The use of paired sera from each individual, i.e. before and after exposure to malaria transmission, allows one to consider each subject as its own control and markedly improves the sensitivity of detection of an antibody response. We used paired sera from unexposed individuals to estimate cut-off values defining the significance level of such a response. The high level of the estimated cut-off that should be reached by less than 0.1% of unexposed individuals and the use of paired sera from each individual contribute to a highly specific criteria for a positive antibody response. This cut-off may not be considered pertinent for secondary antibody responses in individuals who were seropositive before the exposure. However, the incidence rate of significantly increased IgG or IgM antibody responses did not differ between individuals regardless of their serologic status before exposure to malaria transmission or their history of time in malaria-endemic areas, which suggests that the cut-offs were appropriate.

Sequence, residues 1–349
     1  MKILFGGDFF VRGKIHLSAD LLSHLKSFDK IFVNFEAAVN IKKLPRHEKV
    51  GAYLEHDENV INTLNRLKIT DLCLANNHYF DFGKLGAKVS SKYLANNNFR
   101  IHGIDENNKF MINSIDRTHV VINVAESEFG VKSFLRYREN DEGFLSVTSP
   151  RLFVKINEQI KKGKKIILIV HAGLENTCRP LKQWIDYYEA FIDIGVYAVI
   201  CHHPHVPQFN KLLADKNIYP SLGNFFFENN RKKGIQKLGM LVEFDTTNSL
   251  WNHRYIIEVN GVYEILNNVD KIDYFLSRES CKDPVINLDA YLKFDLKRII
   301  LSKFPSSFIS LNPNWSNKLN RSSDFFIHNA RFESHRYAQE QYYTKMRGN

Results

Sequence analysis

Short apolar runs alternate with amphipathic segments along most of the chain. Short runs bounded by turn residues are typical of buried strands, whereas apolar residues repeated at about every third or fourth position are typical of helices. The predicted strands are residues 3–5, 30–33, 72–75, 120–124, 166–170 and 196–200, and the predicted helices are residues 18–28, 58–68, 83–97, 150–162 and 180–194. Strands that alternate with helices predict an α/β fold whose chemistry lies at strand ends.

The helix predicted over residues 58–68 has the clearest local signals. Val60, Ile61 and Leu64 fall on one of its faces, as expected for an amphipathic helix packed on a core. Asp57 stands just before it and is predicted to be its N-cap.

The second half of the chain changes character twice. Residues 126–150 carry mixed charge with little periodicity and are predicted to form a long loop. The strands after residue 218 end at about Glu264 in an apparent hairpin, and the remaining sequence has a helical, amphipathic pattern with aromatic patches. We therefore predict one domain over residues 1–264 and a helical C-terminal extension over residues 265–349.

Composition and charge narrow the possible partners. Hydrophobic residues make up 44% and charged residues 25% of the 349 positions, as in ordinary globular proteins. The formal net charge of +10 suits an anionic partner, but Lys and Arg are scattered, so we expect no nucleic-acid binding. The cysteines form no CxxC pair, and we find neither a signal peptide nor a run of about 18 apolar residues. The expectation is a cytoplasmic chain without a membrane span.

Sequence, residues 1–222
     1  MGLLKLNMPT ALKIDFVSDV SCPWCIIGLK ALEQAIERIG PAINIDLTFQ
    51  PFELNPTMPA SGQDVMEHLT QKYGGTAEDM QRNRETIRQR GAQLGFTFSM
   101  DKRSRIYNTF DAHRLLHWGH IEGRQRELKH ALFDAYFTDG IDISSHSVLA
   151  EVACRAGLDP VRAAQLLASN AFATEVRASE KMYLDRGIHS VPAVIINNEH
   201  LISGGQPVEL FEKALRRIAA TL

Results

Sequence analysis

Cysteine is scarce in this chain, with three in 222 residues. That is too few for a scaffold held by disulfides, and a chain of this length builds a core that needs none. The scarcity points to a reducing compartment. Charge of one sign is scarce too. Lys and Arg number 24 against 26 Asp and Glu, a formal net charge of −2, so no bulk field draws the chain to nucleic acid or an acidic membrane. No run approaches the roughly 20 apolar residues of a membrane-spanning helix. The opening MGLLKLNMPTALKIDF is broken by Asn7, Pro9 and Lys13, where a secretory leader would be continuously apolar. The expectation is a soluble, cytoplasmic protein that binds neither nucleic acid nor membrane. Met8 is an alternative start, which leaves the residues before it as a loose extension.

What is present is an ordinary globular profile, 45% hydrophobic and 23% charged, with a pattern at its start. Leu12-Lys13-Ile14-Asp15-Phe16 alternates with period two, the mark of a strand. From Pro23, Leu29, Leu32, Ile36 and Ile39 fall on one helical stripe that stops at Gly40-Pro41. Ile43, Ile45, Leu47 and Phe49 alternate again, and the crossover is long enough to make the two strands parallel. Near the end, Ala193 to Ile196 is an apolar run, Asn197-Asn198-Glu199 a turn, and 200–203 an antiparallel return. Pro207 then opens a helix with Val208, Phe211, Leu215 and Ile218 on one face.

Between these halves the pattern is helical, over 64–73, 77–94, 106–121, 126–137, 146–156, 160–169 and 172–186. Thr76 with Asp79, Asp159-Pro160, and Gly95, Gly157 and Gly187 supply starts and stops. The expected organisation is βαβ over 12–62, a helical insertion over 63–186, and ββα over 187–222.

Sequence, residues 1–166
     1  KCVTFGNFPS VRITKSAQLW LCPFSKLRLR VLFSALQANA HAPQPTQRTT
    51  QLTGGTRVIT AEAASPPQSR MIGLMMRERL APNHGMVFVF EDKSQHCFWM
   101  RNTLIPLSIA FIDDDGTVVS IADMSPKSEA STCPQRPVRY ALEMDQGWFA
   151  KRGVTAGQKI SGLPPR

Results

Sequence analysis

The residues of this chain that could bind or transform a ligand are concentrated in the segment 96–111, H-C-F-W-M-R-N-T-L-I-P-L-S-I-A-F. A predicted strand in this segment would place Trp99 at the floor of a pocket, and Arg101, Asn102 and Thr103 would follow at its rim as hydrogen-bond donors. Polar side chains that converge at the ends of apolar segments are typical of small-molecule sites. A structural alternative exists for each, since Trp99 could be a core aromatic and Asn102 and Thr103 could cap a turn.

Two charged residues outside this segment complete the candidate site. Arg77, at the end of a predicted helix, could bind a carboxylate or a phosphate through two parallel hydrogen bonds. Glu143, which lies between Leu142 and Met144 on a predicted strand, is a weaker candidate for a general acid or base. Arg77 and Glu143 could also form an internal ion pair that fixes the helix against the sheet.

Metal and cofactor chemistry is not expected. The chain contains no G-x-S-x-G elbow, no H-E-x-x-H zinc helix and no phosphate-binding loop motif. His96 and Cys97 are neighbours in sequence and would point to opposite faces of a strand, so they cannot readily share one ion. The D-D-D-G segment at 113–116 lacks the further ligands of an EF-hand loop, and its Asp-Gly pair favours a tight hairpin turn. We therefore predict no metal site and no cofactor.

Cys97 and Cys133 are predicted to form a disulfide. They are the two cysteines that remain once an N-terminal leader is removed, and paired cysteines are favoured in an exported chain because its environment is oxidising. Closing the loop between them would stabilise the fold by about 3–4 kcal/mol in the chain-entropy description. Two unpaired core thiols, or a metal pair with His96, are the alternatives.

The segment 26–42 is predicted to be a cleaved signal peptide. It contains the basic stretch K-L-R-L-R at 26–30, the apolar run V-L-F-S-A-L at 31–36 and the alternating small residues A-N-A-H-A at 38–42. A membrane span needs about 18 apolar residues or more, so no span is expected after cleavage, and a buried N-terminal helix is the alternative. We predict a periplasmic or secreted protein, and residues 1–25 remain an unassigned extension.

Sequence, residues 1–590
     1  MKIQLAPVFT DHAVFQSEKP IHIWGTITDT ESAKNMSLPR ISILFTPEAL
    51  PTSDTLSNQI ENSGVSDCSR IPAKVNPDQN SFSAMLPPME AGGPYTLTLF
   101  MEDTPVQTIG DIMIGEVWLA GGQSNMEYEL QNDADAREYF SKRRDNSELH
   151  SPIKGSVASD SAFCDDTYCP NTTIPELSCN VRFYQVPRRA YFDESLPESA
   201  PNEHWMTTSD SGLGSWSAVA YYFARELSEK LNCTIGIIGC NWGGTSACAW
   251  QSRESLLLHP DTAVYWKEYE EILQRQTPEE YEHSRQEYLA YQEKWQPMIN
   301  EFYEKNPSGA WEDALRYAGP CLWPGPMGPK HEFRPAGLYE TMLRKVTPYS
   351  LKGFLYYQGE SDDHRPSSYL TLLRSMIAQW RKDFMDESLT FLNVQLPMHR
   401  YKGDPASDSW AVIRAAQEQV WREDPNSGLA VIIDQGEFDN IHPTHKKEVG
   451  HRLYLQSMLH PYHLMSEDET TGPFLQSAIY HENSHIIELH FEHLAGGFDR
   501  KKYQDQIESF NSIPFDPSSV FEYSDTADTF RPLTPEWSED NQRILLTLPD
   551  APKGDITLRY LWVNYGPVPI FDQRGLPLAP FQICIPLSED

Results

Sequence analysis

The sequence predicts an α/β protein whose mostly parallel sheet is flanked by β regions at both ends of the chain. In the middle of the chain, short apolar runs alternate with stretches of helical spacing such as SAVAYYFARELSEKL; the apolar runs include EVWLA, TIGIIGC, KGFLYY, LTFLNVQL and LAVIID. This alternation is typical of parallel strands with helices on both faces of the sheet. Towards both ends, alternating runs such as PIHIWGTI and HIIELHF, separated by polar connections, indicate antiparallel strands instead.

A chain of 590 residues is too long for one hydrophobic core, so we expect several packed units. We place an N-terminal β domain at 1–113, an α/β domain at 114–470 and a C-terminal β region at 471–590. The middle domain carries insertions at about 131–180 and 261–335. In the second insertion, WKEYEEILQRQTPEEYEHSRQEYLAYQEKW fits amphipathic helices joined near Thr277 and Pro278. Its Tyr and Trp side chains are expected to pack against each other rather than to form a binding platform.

It is important to conduct blood sampling early after the end of exposure to malaria transmission. Antibody titers to LSA1 decreased significantly between the time of arrival in France and two months later. The decrease in antibodies to the other antigens was not significant. Conversely, there was a non-significant increase in IgG antibodies to SALSA during the same period.

Collecting behavior data with a retrospective questionnaire may result in omissions or memory biases. However, it is likely that the omissions or the flaws in remembering would bias the estimates of the effect of the mandatory prophylactic measures to zero. Our study has shown that anti-vector devices are protective against infection in travelers. Permanent night use of impregnated bed nets in Côte d’Ivoire and long-sleeve clothes had protective efficacies of 60% and 66%, respectively. The absence of a protective effect of the use of bed nets in Gabon may be explained by a much lower exposure to mosquitoes in the urban environment and in mosquitoes-proof houses in Libreville. Serologic estimation of exposure to malaria transmission used in this study was sensitive enough to detect the protective effect of anti-vector devices, such as long-sleeve clothes, even among short-term travelers.